Astronomers are comparing it to Jupiter’s red spot: a forever storm large enough to swallow three Earths. Except this monster tempest appears to be raging on a star.
The object in question, W1906+40, belongs to a class of relatively cool celestial bodies known as L-dwarfs. Despite their low temperatures, some L-dwarfs fuse atoms and produce light—and are therefore classified as stars. Others, known as brown dwarfs, are considered “failed stars” for their lack of fusion. Based on its age and average surface temperature (about 3,500ºF), this particular L-dwarf is likely to be an actual star.
Which is fascinating, because we don’t think of stars as objects that have stormy weather. This one does.
W1906+40 was originally spotted by NASA’s Wide Field Infrared Survey in 2011, and later, by the Kepler Space Telescope. Kepler was built to spot planets by looking for transit events—very faint dips in starlight that occur when a planet speeds around its parent star in our line of sight. When astronomers imaged W1906+40 with Kepler, they noted a periodic dip in starlight, but it didn’t look like any planet we’d ever seen.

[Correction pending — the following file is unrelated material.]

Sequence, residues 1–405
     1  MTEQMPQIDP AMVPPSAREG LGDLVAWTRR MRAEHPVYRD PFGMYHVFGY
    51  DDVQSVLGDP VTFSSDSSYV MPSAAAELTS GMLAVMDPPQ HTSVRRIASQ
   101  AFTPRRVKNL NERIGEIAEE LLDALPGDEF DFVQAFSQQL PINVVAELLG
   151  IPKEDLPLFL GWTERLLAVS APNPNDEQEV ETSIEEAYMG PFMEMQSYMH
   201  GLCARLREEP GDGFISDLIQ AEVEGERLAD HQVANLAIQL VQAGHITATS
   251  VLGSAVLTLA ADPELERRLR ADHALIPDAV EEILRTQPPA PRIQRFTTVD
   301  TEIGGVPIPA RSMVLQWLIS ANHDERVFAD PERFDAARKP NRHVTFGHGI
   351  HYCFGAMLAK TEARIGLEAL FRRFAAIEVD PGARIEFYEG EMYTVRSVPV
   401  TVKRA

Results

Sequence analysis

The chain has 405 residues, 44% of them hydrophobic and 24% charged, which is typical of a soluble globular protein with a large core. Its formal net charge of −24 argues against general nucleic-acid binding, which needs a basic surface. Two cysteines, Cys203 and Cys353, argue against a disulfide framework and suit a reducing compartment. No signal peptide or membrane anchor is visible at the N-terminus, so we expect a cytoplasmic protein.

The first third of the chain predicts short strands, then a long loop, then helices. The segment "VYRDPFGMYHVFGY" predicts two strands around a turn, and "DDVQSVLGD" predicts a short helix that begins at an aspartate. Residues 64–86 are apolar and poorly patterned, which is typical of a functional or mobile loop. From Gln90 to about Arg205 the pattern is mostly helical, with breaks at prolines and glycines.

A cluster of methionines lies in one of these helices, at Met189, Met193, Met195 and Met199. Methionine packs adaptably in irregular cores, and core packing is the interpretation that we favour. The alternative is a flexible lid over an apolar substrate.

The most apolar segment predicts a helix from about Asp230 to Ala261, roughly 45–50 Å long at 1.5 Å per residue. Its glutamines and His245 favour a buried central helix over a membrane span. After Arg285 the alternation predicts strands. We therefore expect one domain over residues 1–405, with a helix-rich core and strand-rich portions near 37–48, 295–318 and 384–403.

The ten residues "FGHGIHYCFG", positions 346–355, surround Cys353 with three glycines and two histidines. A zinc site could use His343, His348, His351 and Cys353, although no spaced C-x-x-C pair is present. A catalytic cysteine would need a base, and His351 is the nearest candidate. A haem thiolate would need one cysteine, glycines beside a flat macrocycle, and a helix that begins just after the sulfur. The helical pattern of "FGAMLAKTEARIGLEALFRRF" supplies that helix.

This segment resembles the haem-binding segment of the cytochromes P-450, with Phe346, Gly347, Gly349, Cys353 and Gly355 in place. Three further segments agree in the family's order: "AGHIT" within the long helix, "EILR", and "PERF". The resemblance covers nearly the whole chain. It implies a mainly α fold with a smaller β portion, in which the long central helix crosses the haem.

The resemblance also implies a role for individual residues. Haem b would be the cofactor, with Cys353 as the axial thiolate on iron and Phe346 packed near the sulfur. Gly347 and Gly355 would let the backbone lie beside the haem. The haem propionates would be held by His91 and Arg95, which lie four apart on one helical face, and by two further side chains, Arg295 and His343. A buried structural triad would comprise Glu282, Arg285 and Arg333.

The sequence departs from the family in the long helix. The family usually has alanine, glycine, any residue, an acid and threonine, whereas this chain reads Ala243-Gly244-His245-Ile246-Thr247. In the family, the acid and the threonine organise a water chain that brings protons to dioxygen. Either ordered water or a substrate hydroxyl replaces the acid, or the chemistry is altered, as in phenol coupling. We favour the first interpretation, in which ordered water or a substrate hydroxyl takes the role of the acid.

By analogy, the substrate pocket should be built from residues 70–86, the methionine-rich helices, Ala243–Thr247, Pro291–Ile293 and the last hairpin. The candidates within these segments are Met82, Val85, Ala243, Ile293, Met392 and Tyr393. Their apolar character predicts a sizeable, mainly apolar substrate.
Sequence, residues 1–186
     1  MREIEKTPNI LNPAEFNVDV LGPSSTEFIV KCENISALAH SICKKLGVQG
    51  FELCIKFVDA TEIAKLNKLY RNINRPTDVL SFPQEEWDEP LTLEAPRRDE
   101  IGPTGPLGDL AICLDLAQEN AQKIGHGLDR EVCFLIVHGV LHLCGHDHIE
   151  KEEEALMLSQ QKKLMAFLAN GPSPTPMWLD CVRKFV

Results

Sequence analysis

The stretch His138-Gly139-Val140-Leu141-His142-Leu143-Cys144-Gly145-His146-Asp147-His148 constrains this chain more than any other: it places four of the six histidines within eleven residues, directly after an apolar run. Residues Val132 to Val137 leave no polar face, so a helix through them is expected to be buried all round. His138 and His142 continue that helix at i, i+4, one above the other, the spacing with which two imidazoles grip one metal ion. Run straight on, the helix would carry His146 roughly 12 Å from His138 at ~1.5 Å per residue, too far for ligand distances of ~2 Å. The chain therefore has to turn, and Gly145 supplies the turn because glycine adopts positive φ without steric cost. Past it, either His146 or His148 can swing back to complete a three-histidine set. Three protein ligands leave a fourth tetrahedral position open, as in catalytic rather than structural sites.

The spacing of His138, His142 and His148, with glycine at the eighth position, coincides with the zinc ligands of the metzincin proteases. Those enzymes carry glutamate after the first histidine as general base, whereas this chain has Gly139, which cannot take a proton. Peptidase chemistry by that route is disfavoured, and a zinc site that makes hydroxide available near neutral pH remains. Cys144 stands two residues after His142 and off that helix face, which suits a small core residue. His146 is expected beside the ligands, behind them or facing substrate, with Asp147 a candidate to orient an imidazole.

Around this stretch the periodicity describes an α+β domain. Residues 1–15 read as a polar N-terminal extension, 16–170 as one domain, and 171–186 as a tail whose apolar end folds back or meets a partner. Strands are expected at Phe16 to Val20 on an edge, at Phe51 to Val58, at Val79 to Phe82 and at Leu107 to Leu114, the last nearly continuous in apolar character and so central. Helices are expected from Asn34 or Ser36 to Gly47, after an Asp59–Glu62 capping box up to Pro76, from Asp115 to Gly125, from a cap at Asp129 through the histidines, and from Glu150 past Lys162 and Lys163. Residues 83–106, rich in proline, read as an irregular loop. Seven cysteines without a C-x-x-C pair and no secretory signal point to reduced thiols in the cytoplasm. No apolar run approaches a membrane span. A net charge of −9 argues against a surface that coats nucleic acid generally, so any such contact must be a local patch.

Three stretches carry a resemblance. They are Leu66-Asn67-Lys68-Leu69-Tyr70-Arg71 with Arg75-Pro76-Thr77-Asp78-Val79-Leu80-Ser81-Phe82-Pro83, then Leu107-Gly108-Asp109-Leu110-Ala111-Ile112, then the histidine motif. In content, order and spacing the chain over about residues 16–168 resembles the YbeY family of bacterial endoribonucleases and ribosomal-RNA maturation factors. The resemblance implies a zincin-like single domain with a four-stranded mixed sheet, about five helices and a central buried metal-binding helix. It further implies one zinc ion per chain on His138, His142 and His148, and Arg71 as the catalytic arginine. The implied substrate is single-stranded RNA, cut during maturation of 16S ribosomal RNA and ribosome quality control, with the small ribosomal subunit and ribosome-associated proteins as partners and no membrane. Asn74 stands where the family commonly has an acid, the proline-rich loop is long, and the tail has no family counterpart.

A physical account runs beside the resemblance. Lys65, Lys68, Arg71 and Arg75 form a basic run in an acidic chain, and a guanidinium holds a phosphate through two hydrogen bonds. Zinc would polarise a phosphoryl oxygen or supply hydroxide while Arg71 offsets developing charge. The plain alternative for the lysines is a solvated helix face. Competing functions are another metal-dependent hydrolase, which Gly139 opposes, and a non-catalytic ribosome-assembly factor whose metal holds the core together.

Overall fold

At first, astronomers thought they were looking at a sunspot—a region of heightened magnetic activity on the star’s surface. But follow-up infrared observations with the Spitzer telescope revealed something much weirder: a colossal, cloudy storm, composed of tiny mineral particles.
“We don’t know if this kind of star storm is unique or common, and we don’t why it persists for so long,” said John Gizis of the University of Delaware, Newark, lead author on a new paper describing the find. To begin answering these questions, Gizis and his colleagues are now using Kepler and Spitzer to hunt for other stormy stars.
It’s one of those unexpected discoveries that highlights just how diverse the cosmic landscape is—and that we’re nowhere close to understanding all of its mysteries.
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Top: Artist’s illustration of star W1906+40, with a dark stormy region depicted at the top. Image Credit: NASA / JPL-Caltech